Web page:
In restaurants and bars, many traditional professional practices fall by the wayside. A great deal of establishments lack the structure, others have a staff so small that many of these practices may seem unimportant. A more unfortunate reason is that many establishments have apathetic management teams who either do not realize the importance of such practices or even worse – do not care.
One significant practice that I notice being neglected at many restaurants is the practice of providing meaningful feedback to its employees. Yes, what I am talking about is performance reviews. Both managers and employees across all industries are likely to let out a begrudging groan at these two words. Despite this, performance reviews need to be done and when done correctly, can be a positive experience for both management and employees.
Why Conduct Performance Reviews?
The reasons to provide meaningful feedback to your employees has filled business management textbooks for decades and for good reason. Coaching and developing your employees should a paramount goal of any business. I could go on and on with a list of reasons why but for time’s sake, I will boil it down to the three reasons I see as most important: They let employees know where they stand, improve communication, and provide a sense of horizon for your staff. These benefits can lead to a more productive staff, higher morale and ultimately better business.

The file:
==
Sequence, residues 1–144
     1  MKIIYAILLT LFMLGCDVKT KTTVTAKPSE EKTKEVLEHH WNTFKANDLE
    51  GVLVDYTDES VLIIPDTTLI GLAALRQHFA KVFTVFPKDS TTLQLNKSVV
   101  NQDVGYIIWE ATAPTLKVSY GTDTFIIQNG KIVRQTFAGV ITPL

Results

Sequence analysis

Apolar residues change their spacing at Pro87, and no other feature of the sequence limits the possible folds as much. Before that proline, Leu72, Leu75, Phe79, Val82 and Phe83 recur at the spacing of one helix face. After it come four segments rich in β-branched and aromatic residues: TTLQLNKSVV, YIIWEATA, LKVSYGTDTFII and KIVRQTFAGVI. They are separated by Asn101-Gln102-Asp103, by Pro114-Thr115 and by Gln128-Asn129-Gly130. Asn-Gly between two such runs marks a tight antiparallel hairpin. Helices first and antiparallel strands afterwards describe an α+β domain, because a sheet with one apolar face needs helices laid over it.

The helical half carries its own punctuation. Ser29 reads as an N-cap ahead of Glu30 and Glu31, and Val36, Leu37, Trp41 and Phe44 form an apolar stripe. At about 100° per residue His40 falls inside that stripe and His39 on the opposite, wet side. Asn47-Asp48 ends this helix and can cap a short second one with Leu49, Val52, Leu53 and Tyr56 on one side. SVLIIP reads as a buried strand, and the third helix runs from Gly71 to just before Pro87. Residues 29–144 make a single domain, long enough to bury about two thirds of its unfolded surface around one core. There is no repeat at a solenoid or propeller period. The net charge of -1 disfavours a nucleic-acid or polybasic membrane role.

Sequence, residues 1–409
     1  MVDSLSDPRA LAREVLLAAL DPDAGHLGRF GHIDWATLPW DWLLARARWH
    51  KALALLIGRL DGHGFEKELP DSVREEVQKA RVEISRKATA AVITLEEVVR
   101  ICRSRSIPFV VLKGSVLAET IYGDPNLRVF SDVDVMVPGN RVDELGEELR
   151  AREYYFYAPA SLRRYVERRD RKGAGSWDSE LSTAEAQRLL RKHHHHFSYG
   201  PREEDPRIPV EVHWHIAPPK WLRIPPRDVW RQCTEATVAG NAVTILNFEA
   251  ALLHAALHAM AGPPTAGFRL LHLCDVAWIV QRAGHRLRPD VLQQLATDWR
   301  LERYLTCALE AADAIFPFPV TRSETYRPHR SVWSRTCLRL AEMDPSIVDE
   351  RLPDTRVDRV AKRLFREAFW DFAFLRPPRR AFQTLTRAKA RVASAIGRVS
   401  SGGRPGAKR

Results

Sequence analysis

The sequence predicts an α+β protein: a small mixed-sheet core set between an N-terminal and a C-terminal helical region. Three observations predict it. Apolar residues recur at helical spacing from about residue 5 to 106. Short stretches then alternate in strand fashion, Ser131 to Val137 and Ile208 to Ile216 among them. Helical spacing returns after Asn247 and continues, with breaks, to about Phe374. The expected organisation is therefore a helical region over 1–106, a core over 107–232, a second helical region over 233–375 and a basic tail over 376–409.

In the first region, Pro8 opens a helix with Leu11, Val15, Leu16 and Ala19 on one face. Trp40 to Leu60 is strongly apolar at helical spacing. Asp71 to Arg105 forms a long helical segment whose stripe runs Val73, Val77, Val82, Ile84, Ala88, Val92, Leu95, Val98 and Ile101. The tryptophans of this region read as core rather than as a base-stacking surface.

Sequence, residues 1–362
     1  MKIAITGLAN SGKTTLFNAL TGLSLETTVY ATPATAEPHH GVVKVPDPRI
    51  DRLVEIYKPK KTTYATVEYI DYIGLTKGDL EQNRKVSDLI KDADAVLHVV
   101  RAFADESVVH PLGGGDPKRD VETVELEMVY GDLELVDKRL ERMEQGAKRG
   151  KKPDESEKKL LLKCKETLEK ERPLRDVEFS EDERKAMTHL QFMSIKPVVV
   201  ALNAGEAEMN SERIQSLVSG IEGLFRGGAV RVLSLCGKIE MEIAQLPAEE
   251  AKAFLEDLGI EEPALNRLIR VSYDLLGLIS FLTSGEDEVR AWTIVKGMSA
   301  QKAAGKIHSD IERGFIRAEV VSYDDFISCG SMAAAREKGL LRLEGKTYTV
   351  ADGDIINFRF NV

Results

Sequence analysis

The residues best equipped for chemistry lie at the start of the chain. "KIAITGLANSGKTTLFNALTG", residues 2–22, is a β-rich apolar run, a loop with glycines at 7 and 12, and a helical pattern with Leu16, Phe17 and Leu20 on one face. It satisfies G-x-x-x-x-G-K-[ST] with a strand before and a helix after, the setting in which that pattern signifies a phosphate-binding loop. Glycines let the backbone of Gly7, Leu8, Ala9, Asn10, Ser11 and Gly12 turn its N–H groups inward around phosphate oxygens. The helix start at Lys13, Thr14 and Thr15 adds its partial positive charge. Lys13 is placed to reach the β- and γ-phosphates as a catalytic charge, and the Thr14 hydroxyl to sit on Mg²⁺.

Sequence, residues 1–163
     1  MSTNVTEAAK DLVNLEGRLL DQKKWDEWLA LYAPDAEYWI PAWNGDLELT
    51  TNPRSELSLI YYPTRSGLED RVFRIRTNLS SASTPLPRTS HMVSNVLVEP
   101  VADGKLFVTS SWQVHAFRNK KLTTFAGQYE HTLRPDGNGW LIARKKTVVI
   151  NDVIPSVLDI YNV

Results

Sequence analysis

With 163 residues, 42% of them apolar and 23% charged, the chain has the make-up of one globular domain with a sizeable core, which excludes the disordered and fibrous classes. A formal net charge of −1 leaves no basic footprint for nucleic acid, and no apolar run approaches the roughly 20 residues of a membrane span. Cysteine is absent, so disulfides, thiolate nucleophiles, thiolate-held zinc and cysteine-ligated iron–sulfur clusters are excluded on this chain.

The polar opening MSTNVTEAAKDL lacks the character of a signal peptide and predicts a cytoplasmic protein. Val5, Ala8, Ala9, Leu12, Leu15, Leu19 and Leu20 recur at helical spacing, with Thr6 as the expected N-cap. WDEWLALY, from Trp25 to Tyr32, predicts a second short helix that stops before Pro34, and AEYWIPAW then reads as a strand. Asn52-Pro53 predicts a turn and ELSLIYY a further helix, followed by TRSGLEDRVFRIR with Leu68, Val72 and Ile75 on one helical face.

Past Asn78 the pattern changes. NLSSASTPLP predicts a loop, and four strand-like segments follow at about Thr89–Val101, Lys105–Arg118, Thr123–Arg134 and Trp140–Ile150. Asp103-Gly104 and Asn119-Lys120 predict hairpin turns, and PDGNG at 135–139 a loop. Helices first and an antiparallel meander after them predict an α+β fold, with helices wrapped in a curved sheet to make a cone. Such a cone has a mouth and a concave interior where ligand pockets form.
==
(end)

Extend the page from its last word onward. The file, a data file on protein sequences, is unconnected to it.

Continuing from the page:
Letting Employees know Where They Stand
Providing meaningful feedback to your employees is to let them know where they truly stand in your establishment. Whether they are a rockstar server or a liability who doesn’t pull their weight, your employees need to know how they are doing.